Roadwork is making something of a mess of Bakersfield commutes these days.

But officials say the work is paving the way for something good.

California Avenue has been constricted for weeks to one lane between Oak and H Streets, including Bakersfield High School’s entire southern boundary, as construction crews rebuild the roadway just feet from creeping cars and trucks.

Construction at the interchange of Highway 99 and Highway 58 continues on a critical new bridge.

And more work is coming on the Westside Parkway and the 24th Street widening project.

Drivers should settle in for continued disruptions as the City of Bakersfield and Caltrans clear the way for Bakersfield’s expanding transportation system.


One of the biggest messes in the city right now is California Avenue between Oak Street and H Street — a major link between southwest Bakersfield and the city’s downtown.

City of Bakersfield Public Works Director Nick Fidler said the outside lanes of the road were severely damaged and it needed to be scraped down to the road base and rebuilt.

Years of repeated repair — layer after layer of additional asphalt — have actually caused problems too.

“It had been overlaid so many times there was virtually no median,” Fidler said.

The city tried to be tactical about when it did the project, he said.

“We tried to get in there and do it during the summer, while school was out,” Fidler said.

Contractors have been rebuilding one lane of the route while traffic moves through on the other lane.

Once both lanes have been rebuilt, Fidler said, the whole route will be capped and finished up.

“They’re moving fairly fast,” he said of the contractors. “We are striving to get done before school starts. It looks like we’ll make it.”


Drivers on Highway 99 and Highway 58 have watched massive retaining walls go up and driven along cramped lanes for many long months.

But the goal behind all that mess is getting closer to completion.

Luis Topete, project engineer on the Beltway Operational Improvement Project, said construction of the retaining walls and the realignment work that have long been underway is aimed at creating a new bridge to carry traffic from both northbound and southbound Highway 99 onto eastbound Highway 58.

But, you might ask, isn’t there already a ramp that does that? Yes, Topete said, there is.

But this connection will raise the connecting traffic into the air on an overpass, making room for a critical offramp for the Centennial Corridor to be built beneath it.

“It took all those retaining walls out there to allow for the space to do this ramp,” Topete said.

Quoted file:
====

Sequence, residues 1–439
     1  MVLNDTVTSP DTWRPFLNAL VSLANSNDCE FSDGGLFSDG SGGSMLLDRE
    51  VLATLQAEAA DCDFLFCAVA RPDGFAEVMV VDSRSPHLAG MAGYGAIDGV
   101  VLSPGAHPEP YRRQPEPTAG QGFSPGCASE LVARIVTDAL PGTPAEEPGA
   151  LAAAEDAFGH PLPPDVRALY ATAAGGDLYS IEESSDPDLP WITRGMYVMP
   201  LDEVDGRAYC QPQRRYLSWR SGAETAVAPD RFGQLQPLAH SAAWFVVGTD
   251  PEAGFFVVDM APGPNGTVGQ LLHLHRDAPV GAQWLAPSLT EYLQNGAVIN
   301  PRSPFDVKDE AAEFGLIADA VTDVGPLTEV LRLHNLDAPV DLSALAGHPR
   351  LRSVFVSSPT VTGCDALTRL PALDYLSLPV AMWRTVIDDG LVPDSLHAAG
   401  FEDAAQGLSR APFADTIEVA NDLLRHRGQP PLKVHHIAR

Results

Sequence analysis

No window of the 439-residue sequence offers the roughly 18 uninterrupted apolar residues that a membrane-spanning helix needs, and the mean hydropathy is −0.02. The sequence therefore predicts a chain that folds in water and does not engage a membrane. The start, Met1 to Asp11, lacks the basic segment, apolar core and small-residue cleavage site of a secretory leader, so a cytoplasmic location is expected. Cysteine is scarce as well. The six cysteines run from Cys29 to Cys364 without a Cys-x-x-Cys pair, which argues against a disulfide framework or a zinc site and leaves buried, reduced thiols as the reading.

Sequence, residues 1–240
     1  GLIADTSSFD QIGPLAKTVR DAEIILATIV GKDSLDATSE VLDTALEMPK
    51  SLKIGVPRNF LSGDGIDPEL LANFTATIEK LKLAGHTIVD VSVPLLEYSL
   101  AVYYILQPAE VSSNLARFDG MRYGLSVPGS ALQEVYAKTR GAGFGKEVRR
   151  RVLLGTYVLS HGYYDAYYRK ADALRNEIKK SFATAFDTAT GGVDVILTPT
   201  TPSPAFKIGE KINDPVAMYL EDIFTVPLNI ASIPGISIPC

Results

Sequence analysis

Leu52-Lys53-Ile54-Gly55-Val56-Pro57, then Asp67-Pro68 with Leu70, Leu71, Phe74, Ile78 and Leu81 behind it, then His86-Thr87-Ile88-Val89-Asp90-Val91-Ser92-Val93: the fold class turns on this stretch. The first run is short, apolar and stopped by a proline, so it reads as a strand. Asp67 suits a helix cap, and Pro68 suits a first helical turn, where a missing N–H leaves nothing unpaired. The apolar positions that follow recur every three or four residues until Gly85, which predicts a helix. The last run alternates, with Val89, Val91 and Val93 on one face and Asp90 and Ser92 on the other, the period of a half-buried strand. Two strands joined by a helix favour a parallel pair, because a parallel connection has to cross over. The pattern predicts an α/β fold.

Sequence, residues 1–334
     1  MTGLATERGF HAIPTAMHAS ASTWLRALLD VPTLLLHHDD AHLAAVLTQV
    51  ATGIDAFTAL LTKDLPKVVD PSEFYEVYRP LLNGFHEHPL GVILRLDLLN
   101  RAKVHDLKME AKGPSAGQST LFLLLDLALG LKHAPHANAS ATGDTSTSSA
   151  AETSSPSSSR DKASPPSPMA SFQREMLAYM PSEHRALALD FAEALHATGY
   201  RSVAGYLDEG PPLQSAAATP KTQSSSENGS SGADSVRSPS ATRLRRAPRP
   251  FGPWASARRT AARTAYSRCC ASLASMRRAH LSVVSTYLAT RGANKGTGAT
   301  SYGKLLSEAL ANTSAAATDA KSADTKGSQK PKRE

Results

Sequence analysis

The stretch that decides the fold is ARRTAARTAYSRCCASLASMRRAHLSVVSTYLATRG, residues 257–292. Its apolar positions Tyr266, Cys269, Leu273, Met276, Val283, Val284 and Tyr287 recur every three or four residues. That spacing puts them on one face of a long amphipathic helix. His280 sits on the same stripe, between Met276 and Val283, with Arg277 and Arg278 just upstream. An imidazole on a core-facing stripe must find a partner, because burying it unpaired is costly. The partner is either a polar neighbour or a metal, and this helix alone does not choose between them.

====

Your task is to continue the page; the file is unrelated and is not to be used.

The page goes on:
Janet Wheeler, spokesperson for the Thomas Roads Improvement Program, said the contractors are getting close to laying the road deck for that bridge.

All the work, he said, is making way for future construction of the Centennial Corridor, which will link the Westside Parkway to what is now a dead end — the site of the since-razed Wild West Shopping Center, where Highway 58 meets Highway 99.

Topete said the Centennial Corridor will include an eastbound off-ramp to H Street and that will be constructed underneath the Highway 99 to Highway 58 bridge.


Things are currently quiet on the other end of the Centennial Corridor project, where the Westside Parkway and Truxtun Avenue connect.

But they won’t stay that way.

Right now drivers coming off the eastbound Westside Parkway run right into some traffic as the right lane of Truxtun Avenue is closed.

Construction on the ramps and bridges that will eventually connect the two routes to the Centennial Corridor has already begun.

Topete said that work is going to disrupt travel significantly on the current onramps and offramps and, to a lesser extent, travel on the Westside Parkway.

People should be ready for it.

“In a few months there will be a lot of activity,” he said.


Wheeler said the public will also see more work on the 24th Street widening project.

Plans call for sound walls to be built between the arterial route and the Westchester neighborhood.

Late this summer that work will start.

“We’re planning to do the walls along the north side in the next couple months,” Wheeler said.


And finally some good news.

Some media outlets are reporting that Cal Fire officials are poised to reopen Highway 166 between Maricopa and Santa Maria.

The route is a major link between Kern County and California’s Central Coast – specifically the wine country around Santa Ynez and the coast around Pismo Beach.

David Dantic, a public information officer assigned to the Alamo Fire, would not confirm Wednesday morning that the closure would be lifted.

But he said the Alamo Fire is more than halfway contained and the mandatory evacuations for the fire area have been downgraded to a recommendation.

James Burger can be reached at 661‑395-7415. Follow him on Twitter: @KernQuirks.